Post-Traumatic Stress Disorder (PTSD) is a mental health condition that is caused by frightening or dangerous events. After the event, the sufferer usually experiences many uncomfortable symptoms, and may act uncharacteristically. Some of the most common causes of PTSD include:
Typically, a person would be temporarily frightened, scared or shocked by a traumatizing experience. With time, they would eventually heal from the situation. But when this fight or flight response keeps recurring in response to old trauma, it is categorized as PTSD.
It’s important to note that someone can develop PTSD just from witnessing an event or having a loved one who went through a traumatic experience. In cases like these, it’s often harder for people to get help because they don’t realize that they’re dealing with a mental illness.
An estimated one in 11 people will be diagnosed with PTSD. These numbers are high due to the wide spectrum of events that can cause PTSD. And just like there are a variety of causes, there are even more symptoms of PTSD.
Symptoms of PTSD are often broken up into four categories: re-experiencing symptoms, avoidance symptoms, changes in physical and emotional reactions, and cognitive and mood symptoms. These symptoms do not always appear immediately after a traumatic experience, and they can occur weeks, months, or even years following traumatic events.
Re-experiencing symptoms are symptoms that the patient relives pertaining to the traumatic event. These are often described in movies and television shows as the sufferer “reliving” the traumatic event. These symptoms include:
Avoidance symptoms occur when someone with PTSD deliberately avoids topics or activities that remind them of the traumatic event. In some cases, these behaviors may harm their personal relationships and lead to isolation. Common things for PTSD sufferers to avoid include:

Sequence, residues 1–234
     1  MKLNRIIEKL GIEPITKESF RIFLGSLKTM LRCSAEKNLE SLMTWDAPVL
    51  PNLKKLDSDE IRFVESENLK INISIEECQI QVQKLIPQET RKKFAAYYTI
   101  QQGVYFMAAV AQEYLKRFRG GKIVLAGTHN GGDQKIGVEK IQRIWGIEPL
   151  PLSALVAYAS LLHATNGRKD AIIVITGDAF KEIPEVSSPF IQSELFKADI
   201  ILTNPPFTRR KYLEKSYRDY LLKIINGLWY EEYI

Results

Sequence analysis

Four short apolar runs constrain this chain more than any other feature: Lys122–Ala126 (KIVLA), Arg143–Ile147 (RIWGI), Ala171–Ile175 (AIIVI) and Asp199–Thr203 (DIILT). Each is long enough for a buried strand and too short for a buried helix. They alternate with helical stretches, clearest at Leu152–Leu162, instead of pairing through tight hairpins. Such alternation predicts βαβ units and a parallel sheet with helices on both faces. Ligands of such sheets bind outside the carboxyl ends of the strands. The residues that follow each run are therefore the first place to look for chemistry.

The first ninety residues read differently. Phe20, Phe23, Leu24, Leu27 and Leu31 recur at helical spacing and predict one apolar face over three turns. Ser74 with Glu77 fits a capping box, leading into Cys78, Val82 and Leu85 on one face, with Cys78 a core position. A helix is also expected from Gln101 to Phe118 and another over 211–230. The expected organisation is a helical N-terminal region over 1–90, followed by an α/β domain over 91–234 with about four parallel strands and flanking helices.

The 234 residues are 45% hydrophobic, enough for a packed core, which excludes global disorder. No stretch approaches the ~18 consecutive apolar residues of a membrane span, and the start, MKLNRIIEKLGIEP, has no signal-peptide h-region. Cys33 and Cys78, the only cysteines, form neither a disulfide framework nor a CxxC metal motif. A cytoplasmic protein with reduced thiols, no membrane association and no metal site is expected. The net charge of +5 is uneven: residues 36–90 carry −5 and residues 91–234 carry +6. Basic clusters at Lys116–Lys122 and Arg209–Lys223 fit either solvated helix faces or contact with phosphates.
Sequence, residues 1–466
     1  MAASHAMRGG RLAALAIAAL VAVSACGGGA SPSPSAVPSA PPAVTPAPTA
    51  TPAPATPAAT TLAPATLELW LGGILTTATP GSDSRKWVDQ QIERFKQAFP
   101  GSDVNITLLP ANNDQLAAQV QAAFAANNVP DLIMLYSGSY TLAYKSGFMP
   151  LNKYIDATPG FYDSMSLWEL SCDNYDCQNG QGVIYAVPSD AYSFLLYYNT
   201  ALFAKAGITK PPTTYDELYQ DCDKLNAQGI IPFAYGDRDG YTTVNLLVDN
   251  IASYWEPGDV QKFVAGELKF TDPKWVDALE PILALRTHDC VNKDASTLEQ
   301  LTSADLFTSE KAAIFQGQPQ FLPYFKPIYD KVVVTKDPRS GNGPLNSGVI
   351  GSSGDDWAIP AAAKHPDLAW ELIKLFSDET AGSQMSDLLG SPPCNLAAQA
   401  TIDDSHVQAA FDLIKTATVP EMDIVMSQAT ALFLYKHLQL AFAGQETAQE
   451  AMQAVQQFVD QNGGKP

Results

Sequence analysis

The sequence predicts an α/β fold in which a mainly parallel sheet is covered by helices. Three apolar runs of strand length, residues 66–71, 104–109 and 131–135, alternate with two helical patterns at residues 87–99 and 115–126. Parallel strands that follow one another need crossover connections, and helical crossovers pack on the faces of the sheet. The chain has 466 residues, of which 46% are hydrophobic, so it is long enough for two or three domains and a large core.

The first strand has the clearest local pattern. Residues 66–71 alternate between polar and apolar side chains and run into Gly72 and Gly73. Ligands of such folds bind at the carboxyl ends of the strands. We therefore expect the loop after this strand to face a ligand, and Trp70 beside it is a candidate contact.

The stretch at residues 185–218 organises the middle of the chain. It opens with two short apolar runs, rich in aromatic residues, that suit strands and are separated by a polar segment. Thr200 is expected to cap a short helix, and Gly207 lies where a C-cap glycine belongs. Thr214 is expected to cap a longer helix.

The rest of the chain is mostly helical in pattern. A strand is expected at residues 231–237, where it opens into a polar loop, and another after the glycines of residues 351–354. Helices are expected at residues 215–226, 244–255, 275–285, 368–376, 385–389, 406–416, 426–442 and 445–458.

Patients are characterized by having:
For a PTSD diagnosis, a person must experience one or more re-experiencing symptoms and one or more avoidance symptoms. Also, they will need to display two or more changes in physical and emotional reactions and two or more cognitive and mood symptoms.
According to the National Institute of Mental Health, depression, substance abuse, and anxiety disorders often accompany post-traumatic stress disorder. Additionally, there are risk factors that can increase the likelihood of experiencing symptoms of PTSD, such as:
Resilience factors that reduce the risk of having PTSD following traumatic events include:
Treatment for PTSD can help patients learn how to cope with these symptoms. Seeking the help of a mental health professional is one course of treatment a patient can choose.
If you or a loved one has gone through a traumatic event and are experiencing symptoms of post-traumatic stress disorder, know that there are treatment options available. Do you have questions about how we’ll treat your PTSD? Fill out this contact form or call our admissions specialists at 1-888-512-9802.